Student Life aims to improve student development and learning. It’s the objective of Student Life to offer co-curricular, community, educational, self-help, leadership, and extracurricular programs. Students may also join student clubs and committees, participate in extracurricular activities or enjoy organized social events with friends. The activities offered are a part of the school’s responsibility to the students. These activities may include sports; student debate or club; academic study; cultural studies; humanities; science; physical education, music, drama; computer studies or other; or any other activity that interests the student.
For students to have a good college experience, college leadership must create an environment where the student’s needs are being met and the student’s desires are being fulfilled. Creating an environment where the student has involvement and control over his or her learning is what is known as the social contract. The social contract is an agreement between students, college leadership and the community at large.
A student lives, learns and works on campus – that’s the social contract. The student’s experience in the classroom and on a campus helps shape who they will become and how they will interact with others in their future. College student leaders develop this social contract through student governments, student fraternities and sororities, student groups and organizations, and student conferences and events. A student leader develops their skills, and the student’s abilities to help them create a better society for all.
A student is an individual with their own thoughts, feelings, perspectives, experiences, interests, and dreams. It’s up to the student leaders to foster open dialogue on all issues that face the student body, while allowing for personal beliefs and personal expressions. In the end, students must choose to be responsible, learn from their mistakes, take ownership of their decisions and grow personally, socially and spiritually. They must be willing to try new things and ask questions, and be willing to do the work required of them in order to succeed.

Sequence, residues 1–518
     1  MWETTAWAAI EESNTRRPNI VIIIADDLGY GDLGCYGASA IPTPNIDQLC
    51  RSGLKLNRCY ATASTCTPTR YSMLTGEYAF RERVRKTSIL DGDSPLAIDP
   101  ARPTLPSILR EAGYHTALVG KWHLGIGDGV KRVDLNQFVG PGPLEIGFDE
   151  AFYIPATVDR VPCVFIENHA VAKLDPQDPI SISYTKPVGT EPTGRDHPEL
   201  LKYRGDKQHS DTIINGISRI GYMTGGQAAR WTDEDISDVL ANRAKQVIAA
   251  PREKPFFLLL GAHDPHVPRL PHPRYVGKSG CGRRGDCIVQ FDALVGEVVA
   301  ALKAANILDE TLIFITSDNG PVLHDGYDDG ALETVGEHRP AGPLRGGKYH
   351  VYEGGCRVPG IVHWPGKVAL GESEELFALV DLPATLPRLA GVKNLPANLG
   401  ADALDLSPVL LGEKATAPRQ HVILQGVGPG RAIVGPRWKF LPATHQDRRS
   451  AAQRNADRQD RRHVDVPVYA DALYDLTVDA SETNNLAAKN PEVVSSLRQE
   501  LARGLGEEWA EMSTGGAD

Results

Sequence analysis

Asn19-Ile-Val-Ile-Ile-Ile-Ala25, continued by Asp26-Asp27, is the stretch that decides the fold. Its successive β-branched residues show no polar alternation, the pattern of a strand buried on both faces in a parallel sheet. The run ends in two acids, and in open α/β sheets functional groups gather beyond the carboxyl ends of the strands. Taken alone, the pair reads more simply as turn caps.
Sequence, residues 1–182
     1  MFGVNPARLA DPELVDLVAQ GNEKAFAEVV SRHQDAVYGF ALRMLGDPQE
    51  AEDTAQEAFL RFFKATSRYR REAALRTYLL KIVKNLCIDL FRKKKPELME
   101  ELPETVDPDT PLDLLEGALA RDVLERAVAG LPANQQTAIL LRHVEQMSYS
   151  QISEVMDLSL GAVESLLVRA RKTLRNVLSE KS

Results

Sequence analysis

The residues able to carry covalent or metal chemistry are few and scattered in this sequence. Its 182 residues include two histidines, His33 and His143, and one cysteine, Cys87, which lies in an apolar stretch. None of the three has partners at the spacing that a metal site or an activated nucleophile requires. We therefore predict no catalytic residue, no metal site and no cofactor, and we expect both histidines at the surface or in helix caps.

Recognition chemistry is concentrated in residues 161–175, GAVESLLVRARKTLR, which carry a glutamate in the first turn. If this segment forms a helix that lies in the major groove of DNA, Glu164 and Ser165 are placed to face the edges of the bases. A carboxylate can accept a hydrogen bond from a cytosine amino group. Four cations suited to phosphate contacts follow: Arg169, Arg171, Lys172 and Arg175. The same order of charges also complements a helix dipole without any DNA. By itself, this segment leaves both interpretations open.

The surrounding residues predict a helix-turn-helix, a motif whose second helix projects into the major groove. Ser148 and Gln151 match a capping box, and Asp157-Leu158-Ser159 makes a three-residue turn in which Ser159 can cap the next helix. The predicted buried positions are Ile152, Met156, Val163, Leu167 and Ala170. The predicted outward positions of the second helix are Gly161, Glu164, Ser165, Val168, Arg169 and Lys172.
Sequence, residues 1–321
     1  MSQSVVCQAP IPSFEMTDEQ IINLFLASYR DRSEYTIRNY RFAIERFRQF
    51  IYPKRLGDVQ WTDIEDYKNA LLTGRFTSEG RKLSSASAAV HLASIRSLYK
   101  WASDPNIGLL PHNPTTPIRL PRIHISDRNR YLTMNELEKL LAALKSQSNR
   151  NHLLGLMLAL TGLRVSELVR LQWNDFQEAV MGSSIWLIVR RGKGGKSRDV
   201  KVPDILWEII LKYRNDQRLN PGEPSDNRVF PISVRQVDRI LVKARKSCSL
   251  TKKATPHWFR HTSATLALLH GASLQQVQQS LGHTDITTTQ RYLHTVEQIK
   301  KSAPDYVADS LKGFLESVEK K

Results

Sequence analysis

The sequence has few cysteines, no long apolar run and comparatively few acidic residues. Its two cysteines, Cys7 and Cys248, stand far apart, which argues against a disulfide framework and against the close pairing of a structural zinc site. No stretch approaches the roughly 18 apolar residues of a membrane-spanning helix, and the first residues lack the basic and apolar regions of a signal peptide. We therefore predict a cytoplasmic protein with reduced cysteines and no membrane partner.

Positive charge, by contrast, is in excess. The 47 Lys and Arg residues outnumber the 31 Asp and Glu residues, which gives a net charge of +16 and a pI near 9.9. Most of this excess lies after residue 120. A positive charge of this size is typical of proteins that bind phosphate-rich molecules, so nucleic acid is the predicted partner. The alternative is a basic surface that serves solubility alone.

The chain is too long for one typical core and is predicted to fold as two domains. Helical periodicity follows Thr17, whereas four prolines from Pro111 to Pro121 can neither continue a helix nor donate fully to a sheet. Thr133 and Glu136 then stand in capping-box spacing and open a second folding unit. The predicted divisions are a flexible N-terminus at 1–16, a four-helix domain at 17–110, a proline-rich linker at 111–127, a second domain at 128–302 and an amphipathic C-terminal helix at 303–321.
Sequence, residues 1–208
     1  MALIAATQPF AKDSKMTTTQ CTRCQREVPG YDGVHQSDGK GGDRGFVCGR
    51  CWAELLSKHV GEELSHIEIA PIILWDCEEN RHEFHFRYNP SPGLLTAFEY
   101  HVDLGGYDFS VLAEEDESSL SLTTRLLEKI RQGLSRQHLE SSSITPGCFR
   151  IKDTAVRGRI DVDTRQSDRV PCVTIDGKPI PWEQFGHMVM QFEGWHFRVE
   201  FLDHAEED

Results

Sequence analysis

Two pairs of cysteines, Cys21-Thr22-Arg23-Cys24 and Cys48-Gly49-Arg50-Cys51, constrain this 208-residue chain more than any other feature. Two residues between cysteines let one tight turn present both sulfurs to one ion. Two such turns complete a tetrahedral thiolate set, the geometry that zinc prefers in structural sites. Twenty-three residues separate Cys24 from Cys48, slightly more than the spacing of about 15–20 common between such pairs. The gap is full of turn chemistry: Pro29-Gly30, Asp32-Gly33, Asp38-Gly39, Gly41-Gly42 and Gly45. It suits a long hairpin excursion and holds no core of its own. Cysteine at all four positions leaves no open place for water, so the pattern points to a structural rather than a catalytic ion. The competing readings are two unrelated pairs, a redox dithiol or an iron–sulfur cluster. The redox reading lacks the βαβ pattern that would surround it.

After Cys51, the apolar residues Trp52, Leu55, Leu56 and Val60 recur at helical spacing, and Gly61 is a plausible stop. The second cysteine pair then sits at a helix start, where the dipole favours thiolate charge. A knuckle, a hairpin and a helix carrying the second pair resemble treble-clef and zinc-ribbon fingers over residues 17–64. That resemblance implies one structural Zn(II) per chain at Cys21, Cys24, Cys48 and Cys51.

Student leaders must also realize that while their actions have tremendous impact on student members and their environments, student leaders have a responsibility to remain positive in their environments. This means maintaining a good balance between student expression and maintaining a safe, clean and healthy environment for everyone. Positive student behavior reflects positively on the student leaders and causes them to be viewed in a positive light by other student members, faculty and staff, outside the school. When student members exhibit negative behavior they are seen as irresponsible, immature, over-confident, and generally undeserving of their space, attention and trust.
Student leaders must be aware of the potential for student criticism and how that can influence their personal and professional lives. All student leaders must understand the power that peer pressure and cultural expectations can have on a student’s self-image. A positive image leads to a better self-image and ultimately, to a healthier, more positive life. Student leaders must work hard to counteract these negative factors and encourage student members to work together to create a positive, healthy and successful student life.